Russian science stays at home
Out of step with international norms.
10 October 2019
Russia is lagging behind the global norm of cross-border, far-reaching science. A new study has found that researchers based in Russia publish a higher percentage of papers in local journals than in international publications.
The new work, conducted by economists Vít Macháček and Martin Srholec from the Institute for Democracy and Economic Analysis (IDEA) at the Center for Economic Research and Graduate Education–Economics Institute in Prague, studied 22 million papers indexed by the database Scopus between 2005 and 2017.
The analysis calculated a globalization index of research for 174 countries, based on the extent to which researchers in each nation published in international journals compared to journals published in their own country.
The more a country’s authors publish in highly globalized journals, the higher the country’s index on a scale of zero to one. The study defines the most globalized journals as those with a content structure closely resembling the geographic structure of the discipline more widely, in terms of country of origin.
The researchers found that Western countries, such as the United States and nations based in the European Union, lead the way with the highest globalization indexes of over 0.7. The figure has remained fairly steady since 2005. The US and EU are followed by the likes of Japan, Brazil and India with scores of 0.66, 0.61 and 0.60 respectively. In 2006, China was the least globalized country, but by 2015, it had caught up with Brazil and India.
A recent study of Chinese researchers who have worked abroad, including in the US and in the EU, found that an increasing number have been returning to China, and those returnees have a bigger impact on China’s research output than those who never left.
If current trends continue, the researchers predict that China will narrow the globalization ranks with more advanced nations in most sub-disciplines. Chemical engineering, chemistry and energy were identified as the three disciplines where it is likely to close the gap soonest.
Between 2005 and 2017, Russia’s globalization score has stayed steady, with its latest figure lagging behind the rest of the world at around 0.38. This is despite the fact that around four out of five papers with at least one co-author based in Russia were authored in English.
“Even though researchers in Russia are writing mostly English-language papers, they seem to be all too often publishing them in local regional Russian publications instead of international journals,” say Macháček and Srholec.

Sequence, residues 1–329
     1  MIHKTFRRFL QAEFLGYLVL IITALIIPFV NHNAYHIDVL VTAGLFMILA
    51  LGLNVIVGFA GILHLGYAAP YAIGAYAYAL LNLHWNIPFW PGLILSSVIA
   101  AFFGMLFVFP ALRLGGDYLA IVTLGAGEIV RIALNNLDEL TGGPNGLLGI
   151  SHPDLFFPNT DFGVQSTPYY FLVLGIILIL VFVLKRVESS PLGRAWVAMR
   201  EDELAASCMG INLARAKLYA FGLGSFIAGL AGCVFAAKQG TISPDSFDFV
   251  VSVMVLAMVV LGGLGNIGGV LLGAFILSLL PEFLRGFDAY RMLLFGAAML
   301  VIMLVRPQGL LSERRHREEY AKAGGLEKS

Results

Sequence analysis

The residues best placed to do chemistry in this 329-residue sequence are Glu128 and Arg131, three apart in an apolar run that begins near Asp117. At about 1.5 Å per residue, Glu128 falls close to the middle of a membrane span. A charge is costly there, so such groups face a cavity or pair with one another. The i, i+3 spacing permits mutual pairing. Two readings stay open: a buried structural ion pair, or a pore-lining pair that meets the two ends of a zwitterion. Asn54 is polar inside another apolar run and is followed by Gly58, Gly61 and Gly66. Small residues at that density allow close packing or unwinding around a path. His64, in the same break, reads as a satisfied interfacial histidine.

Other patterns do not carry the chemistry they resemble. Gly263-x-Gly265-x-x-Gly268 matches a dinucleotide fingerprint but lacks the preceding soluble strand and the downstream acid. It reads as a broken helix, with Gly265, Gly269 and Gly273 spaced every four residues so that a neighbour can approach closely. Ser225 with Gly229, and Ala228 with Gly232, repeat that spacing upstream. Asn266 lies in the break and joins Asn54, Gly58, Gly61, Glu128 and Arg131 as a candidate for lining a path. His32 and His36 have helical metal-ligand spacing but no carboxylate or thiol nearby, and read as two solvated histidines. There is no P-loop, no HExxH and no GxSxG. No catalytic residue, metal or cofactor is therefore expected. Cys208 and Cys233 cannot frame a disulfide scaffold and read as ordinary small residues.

Overall, the physical and life sciences are the most globalized, the study found, followed by the social sciences and health sciences, respectively. For all disciplines, Russia lags behind the world average except for the sub-disciplines pharmacology, toxicology and pharmaceutics.
Macháček and Srholec say Russian science has been inward-looking since the Soviet Union era, largely due to political reasons. They stress that globalization levels may not necessarily have implications for a nation’s research quality or impact, but argue that the low globalization of nations in the former Soviet bloc is due to “systemic failure” and has resulted in “science that is out of sync with the rest of the world.”
Yuxiao Dong, a computer scientist at Microsoft Research in Seattle, says he’s not surprised by the results. Dong has previously reported that Russia’s current rate of international collaboration has been decreasing since 2000, in contrast to rising rates of collaboration among other nations.
Nees Jan van Eck, a bibliometrician at Leiden University in the Netherlands, says the paper’s approach of considering which journals researchers publish in may provide a narrow perspective of globalization, and may be skewed by the fact that, while Scopus covers most international journals, its reach in regional and local journals is limited.
“From my point of view, globalization is about establishing global collaborative partnerships (reflected by publications with co-authors across the globe) and global knowledge dissemination (reflected by citations flowing globally between countries),” van Eck writes in an email. “This is quite different from the perspective taken by the authors, which is based on the idea of first establishing the level of globalization of individual journals and then deriving the level of globalization of a country from the level of globalization of the journals in which the country has published.”
In 2011, van Eck reported that the average physical collaboration distance has increased from 334 kilometres in 1980 to 1,553 km in 2009.